From bedside to bench: experimental medicine and clinical insights for understanding chronic pain

13.00, Friday 10 December 2021

Zoom Online Workshop

On Friday 10 December, the Academy of Medical Sciences' FORUM, in partnership with the British Neuroscience Association, the Physiological Society and Versus Arthritis, hosted a virtual workshop on 'From bedside to bench: experimental medicine and clinical insights for understanding chronic pain' followed by a digital networking session.


Chronic pain - pain that carries on for three months or longer despite medication or treatment - is estimated to affect up to 43% of the UK population and this is likely to rise with our ageing population and increasing prevalence of comorbidities.[1] In addition, the ongoing COVID-19 pandemic is likely to increase the number of people living with chronic pain, either due to the effects of ‘Long COVID’ – the long term effects of COVID-19 infection - or due the exacerbation of existing conditions due to health service disruption or the mental and physical stress of lockdown and social distancing. 

Despite the prevalence of chronic pain, treatment options are limited. The best pain therapies currently available (i.e., non-steroid anti-inflammatory drugs and opioids) are effective in less than 50% of patients and in these patients there is less than 50% decrease in pain.[2] New NICE guidelines demonstrate that the evidence for the effectiveness of current pain therapies is low, and that the risks often outweigh the benefits.[3]

There is a need for new, more effective therapies for chronic pain yet the pipeline for new pain therapies is stalled. There have been a number of high-profile clinical failures of pain targets that looked promising from preclinical studies. For instance, the sodium channel, Nav1.7, has strong genetic linkage to pain in humans, but has proved very difficult to understand and target selectively.[4] The failure of ‘forward’ translation of basic pain research into therapies has led the predictability and efficacy of preclinical pain studies to be questioned.

We need to learn from the failures within the pain field and consider where new research could be most impactful for us to better understand pain. One area of interest is ‘reverse’ or ‘backwards’ translation - beginning with understanding pain in patients and working backwards from this to inform therapies and mechanistic studies.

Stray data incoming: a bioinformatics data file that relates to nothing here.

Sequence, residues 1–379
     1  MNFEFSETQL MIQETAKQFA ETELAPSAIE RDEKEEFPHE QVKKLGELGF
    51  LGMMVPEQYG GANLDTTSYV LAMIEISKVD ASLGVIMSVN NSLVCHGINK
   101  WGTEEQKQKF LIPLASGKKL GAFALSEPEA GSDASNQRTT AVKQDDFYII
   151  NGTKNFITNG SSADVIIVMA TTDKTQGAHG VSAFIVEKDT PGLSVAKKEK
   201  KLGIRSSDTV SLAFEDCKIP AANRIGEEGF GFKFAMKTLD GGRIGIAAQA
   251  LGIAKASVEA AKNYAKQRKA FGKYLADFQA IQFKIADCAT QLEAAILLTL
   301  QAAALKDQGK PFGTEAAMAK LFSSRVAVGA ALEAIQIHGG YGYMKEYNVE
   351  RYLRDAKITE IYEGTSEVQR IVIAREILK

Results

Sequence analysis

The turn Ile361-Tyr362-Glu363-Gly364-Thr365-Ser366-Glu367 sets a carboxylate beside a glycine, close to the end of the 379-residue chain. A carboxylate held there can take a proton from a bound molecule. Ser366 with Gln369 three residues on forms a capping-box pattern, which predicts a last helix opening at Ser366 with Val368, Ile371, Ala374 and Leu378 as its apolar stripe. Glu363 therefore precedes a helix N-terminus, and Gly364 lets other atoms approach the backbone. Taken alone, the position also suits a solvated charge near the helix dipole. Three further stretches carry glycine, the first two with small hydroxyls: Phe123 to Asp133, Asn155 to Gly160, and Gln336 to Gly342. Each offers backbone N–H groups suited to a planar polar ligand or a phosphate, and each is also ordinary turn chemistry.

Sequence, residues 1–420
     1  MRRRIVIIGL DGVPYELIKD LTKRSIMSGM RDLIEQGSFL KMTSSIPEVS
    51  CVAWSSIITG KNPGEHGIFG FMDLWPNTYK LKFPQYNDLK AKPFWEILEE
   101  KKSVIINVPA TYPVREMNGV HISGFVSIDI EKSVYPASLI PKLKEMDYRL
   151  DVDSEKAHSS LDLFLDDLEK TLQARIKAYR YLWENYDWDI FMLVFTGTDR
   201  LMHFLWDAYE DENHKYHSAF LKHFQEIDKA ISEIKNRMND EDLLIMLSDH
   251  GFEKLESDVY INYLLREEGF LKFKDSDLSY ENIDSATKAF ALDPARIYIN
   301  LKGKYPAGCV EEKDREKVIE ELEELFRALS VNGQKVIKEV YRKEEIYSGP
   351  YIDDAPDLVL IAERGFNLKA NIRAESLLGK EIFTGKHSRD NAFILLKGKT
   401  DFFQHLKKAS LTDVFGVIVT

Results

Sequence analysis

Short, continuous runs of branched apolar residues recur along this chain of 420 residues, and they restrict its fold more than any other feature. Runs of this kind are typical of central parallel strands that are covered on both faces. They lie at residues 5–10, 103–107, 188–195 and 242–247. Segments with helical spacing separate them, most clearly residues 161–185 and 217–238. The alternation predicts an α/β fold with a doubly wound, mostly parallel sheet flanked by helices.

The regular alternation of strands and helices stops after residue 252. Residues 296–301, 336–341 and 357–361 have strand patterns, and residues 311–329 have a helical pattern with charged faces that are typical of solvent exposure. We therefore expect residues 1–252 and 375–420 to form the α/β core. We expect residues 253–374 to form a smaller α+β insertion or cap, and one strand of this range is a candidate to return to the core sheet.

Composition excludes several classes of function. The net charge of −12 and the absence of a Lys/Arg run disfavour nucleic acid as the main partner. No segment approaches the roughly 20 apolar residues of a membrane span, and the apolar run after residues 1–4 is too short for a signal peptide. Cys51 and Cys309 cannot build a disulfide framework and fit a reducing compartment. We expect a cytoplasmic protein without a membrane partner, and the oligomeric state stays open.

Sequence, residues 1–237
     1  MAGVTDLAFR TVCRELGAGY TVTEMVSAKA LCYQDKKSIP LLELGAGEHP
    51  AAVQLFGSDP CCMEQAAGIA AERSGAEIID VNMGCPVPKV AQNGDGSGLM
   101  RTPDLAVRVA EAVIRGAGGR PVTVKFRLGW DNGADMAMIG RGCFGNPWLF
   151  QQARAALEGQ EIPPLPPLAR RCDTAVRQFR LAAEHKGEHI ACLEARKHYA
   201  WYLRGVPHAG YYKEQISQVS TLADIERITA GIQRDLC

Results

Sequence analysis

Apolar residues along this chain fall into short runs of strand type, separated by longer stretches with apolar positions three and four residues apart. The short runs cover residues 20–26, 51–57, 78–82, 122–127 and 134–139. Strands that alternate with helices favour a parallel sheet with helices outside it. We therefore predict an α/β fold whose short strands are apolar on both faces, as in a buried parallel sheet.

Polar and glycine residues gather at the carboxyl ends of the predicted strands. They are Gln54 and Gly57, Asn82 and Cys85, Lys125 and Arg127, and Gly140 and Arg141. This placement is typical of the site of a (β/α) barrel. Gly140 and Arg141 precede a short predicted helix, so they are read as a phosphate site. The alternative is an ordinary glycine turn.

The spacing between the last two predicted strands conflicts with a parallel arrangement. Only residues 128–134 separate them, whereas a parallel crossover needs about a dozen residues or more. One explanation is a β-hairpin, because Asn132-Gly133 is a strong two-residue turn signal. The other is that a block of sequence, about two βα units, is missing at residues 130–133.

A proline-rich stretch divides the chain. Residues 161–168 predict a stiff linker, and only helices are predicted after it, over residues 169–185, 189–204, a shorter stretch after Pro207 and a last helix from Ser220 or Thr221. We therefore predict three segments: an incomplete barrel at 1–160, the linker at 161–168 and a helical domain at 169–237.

This workshop, rescheduled from 2020, explored the current landscape of translational chronic pain research and considered how clinical research, through experimental medicine, clinical insights and patient experience, can help provide new evidence sources to inform preclinical drug discovery.

The key objectives of the workshop were to:

  • Explore how insights from clinical research can provide new opportunities to inform drug discovery programmes (and other therapeutic interventions) to overcome the translational challenges of chronic pain research.
  • Consider how we can enable such insights to be generated, shared and acted upon through cross-sector collaboration, knowledge exchange and strategic coordination.


This FORUM workshop took place at 13.00 to 17.00 on Friday 10 December 2021 via Zoom and was followed by a networking session from 17.00 to 18.30 using the digital networking platform, Remo.

To find out more, please get in touch with the FORUM team at

The Academy’s FORUM provides a neutral and independent platform for individuals from across academia, industry, the NHS and Government, and the charity, regulatory and wider healthcare sector, to meet and take forward national discussions on scientific opportunities, technology trends and associated strategic choices for healthcare. Find out more.


[1] Fayaz et al. Prevalence of chronic pain in the UK: a systematic review and meta-analysis of population studies. BMJ Open 2016;6:e010364.

[2] Basbaum AI & Braz JM (2016). Cell transplants to treat the “disease” of neuropathic pain and itch. Pain. 157, S42-S47.




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